In the aftermath of deadly wildfires in Hawaii lies a long and complicated recovery landscape. People in Maui and the town of Lahaina are already navigating mass death and displacement. A history of environmental injustice also means the community will have to deal with the residual effects of that history alongside the toxic chemicals left from the fires.
Lahaina is a historic place. Before it was a major tourism hub and pied a terre for the rich and famous, it was Hawaii’s royal capital. This holds relevance to Hawaiians’ identity of who they were before becoming part of the United States. With that, the location carries remnants of colonialism and the displacement of Native citizens. That history is deeply connected to the gentrification and economic exclusion Hawaiians struggle with today. The area was also a critical center of the whaling industry during industrialization.
Pineapple and sugar cultivation rose alongside tourism and construction in the modern economy. Pineapple production in particular uses large amounts of water and often requires the use of chemical pesticides and fertilizers. Sugar production—which requires burning—has long been criticized for the wastewater and air contamination it causes. The legacy of commercial whaling and overdevelopment depleting marine resources and erasure of cultural identity connect to create an environmental injustice landscape for greater susceptibility to any new disaster or crisis that comes along. That includes natural hazards like wildfires.
Wildfires on the scale of what happened in Hawaii not only wreak havoc on the immediate landscape but also leave behind a trail of toxic chemicals and materials that pose significant challenges to the long-term recovery of affected communities. The combustion of various materials during a wildfire generates a toxic mix of chemicals, releasing hazardous substances such as particulate matter, heavy metals (like lead or arsenic), volatile organic compounds and polycyclic aromatic hydrocarbons into the air.
These pollutants can linger long after the flames are extinguished, settling onto surfaces, soil and water bodies. Smoke plumes contain fine particles that can be inhaled deeply into the lungs, leading to respiratory problems and exacerbating existing health conditions. Moreover, the deposition of heavy metals and PAHs in the soil and water can contaminate these resources, posing risks to human health and the ecosystem.
What The Toxins Are And How To Clean Them Up
Leila Darwish, a disaster resilience and recovery specialist and the author of the book Earth Repair: A Grassroots Guide to Healing Toxic and Damaged Landscapes, explained, “when we have wildfires interact with man made structures, that’s where we see this toxic kind of impact. And so when you have a fire burnt through homes, burned through cars, power lines, garages full of different things,” she added, “those materials when they burn, if they had certain toxics or metals or things in them before, now that is reduced to ash.”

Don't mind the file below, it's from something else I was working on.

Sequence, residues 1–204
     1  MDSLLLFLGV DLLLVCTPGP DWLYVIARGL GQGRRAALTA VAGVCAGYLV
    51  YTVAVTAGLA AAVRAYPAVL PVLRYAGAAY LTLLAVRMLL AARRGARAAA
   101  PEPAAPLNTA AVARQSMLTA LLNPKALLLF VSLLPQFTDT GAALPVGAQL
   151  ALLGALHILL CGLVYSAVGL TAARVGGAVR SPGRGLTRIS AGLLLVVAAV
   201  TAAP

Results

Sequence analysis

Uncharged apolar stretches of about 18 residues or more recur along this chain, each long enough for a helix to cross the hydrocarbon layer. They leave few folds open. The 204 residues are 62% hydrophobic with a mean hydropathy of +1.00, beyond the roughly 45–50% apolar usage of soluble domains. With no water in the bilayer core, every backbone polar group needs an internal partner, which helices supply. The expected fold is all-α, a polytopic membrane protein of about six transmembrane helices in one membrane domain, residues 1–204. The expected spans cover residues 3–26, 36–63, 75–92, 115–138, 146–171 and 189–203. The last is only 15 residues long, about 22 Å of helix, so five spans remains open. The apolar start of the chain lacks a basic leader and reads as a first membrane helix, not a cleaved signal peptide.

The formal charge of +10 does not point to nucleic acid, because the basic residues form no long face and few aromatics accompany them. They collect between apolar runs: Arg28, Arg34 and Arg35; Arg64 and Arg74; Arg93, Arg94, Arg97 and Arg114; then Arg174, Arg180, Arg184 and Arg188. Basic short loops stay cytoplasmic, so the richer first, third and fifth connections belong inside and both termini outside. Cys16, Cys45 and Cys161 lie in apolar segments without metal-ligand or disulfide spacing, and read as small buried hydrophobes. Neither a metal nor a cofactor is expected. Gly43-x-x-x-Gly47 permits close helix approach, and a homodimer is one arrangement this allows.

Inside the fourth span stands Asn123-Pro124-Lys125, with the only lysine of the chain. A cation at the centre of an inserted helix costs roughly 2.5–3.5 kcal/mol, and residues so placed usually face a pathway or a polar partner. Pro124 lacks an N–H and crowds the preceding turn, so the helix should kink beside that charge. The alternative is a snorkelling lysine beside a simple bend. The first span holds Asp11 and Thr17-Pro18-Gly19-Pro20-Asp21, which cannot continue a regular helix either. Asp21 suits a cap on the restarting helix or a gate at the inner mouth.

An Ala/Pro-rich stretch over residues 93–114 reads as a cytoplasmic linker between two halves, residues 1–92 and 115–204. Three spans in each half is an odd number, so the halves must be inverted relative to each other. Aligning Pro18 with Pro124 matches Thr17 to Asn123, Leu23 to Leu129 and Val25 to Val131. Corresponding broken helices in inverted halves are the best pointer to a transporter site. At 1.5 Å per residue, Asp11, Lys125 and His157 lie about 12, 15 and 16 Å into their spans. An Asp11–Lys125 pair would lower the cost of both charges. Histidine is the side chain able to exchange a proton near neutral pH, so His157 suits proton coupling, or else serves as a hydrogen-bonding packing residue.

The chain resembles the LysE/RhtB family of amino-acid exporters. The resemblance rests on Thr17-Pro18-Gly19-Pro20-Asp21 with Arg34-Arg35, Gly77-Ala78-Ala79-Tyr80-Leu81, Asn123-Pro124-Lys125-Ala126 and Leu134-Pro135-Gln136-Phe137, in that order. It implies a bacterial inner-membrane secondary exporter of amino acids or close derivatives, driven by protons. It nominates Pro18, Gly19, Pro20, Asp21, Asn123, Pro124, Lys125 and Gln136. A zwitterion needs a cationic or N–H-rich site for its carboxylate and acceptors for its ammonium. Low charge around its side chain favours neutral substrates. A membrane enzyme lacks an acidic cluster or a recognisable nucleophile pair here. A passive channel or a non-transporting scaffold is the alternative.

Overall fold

Darwish also explained that contamination can have negative impacts on the soil, water and the people who rely on these systems. Because cleanup of toxic materials can be complicated, that process often delays recovery and resilience-building work.
As an island chain, Hawaii is susceptible to rising sea levels. According to the Hawaii Climate Change Portal, it is one of the areas in the United States most vulnerable to rising seas. Without mitigation, there will be less space for people to occupy safely or at all.
There has long been a housing inequity problem in Lahaina, with soaring rent and property ownership costs displacing locals and native Hawaiians. The current housing crisis will not only be an issue in wildfire recovery, it has to be considered as part of a long-term disaster and climate mitigation plan. This means that Lahainians and those invested in the area’s recovery will have to contend with the prior harm and its impact on people’s ability to recover, alongside the toxic aftermath of the fires.
This is important in recovery because the aftermath of massive wildfires extends beyond charred landscapes and damaged infrastructure. Toxic chemicals and materials left in their wake introduce a myriad of challenges to the long-term recovery of affected communities. Comprehensive strategies that integrate environmental remediation, health interventions and social support systems are essential to ensure the holistic revival of communities devastated by wildfires.
As climate change intensifies the frequency and severity of wildfires, the choices made in the wake of Lahaina and the lessons we learn from those choices will inform how we approach climate-driven disasters going forward.